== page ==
• Additional mechanical ventilation will maintain excellent indoor air quality
  • Low toxic paints, caulking, concrete finish, formaldehyde-free casework used


Examples of Passive House in our Area designed by Harrison Architects

Laurelhurst Backyard Cottage

This project is a near-Passivhaus backyard cottage in the Laurelhurst neighborhood for a prominent civic leader. We started the design process with a larger, 800 SF two-bedroom two-story cottage in mind. As my client’s thinking about the cottage evolved, the design became smaller and smaller. We ended up with a 330 SF cottage with mezzanine bedroom overlooking the main floor. The design of cottage compliments the adjacent house, but does not imitate it. It fits purposefully on the site, tucking in where it will have the least impact on sunlight in the house and yard, and the least visual presence. With its tiny footprint it fills the least portion of the back yard possible. The long sloped roof preserves views from inside the house and still allows western sunlight into the back yard.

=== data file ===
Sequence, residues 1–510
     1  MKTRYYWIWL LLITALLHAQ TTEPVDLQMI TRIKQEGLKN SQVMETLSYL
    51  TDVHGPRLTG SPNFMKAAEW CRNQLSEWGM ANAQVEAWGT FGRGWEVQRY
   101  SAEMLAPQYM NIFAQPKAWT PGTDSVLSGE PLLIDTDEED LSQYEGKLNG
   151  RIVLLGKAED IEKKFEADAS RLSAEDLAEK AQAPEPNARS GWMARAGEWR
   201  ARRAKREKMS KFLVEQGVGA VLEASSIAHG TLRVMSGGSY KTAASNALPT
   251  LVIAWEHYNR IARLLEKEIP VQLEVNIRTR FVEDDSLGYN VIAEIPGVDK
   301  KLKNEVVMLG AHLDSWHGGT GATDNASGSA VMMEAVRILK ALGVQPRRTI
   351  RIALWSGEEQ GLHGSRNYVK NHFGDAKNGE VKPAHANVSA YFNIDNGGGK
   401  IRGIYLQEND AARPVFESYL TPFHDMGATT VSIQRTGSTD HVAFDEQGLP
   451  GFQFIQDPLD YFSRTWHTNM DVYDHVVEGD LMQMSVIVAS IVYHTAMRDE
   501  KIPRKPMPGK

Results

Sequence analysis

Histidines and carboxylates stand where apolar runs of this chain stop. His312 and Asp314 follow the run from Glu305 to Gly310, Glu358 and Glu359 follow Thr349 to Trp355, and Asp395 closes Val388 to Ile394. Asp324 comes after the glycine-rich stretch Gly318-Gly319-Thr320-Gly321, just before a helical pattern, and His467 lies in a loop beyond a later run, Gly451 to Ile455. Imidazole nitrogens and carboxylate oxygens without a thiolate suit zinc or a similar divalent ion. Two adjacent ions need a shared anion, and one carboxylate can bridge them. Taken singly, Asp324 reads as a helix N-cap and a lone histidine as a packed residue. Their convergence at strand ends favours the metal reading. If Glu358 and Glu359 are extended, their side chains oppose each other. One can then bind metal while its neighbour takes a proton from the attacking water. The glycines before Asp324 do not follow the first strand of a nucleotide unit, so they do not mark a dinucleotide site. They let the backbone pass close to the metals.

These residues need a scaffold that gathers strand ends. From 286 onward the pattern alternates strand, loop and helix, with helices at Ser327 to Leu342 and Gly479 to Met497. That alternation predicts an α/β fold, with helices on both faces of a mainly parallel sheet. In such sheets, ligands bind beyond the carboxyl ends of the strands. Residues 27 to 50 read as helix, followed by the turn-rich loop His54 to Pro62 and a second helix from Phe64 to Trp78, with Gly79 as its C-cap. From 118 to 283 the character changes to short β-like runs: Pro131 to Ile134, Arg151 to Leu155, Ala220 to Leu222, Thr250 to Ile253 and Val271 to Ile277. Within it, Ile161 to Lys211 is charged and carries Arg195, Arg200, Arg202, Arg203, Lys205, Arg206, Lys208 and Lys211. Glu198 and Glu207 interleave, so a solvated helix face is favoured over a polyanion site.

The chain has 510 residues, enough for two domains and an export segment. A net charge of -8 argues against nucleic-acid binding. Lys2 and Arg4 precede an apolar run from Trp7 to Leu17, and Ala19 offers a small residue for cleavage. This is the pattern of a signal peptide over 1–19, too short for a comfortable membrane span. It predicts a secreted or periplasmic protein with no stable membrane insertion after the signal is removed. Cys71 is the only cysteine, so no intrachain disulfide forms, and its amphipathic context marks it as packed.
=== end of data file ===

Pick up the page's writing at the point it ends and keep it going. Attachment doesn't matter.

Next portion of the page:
The footprint of the cottage is minimal. I drew on childhood experience with house trailers. There is room for a sofa, dining table and chairs. There is a full size shower with a bench in the bath. The shower and bath will have windows out to a private garden screened with fencing and planting. The stair up to the bedroom is full size, so it will remain more easily accessible to an older adult. The stair is a form of tansu, a Japanese storage stair, with kitchen storage, laundry and utilities built in underneath. The bedroom has full standing headroom, with the roof draped over it like a tent. The bedroom is designed to be flexibly used, as either a place to sleep or home office, or both.

I try to only try one new thing per project. At the start of my greenbuilding practice here in Seattle 30 years ago it was tempting to incorporate as many of the new green technologies, materials and finishes as we possibly could. There were a few goofs. With the benefit of that experience we now have a full sophisticated palette of healthy and resource-efficient materials, finishes and technologies to achieve any goals our clients desire, backed by years of first-hand experience. On this project the one new thing is that I am trying “Glavel” for the first time. It is insulating glass gravel. It replaces both the rigid foam under the floor slab and the normal stone drainage gravel under that. Glavel has low embodied carbon, and using it replaces several steps in the construction process. Using Glavel under the slab will allow a fully foam-free project. (Exterior insulation will be mineral wool.) I will report back!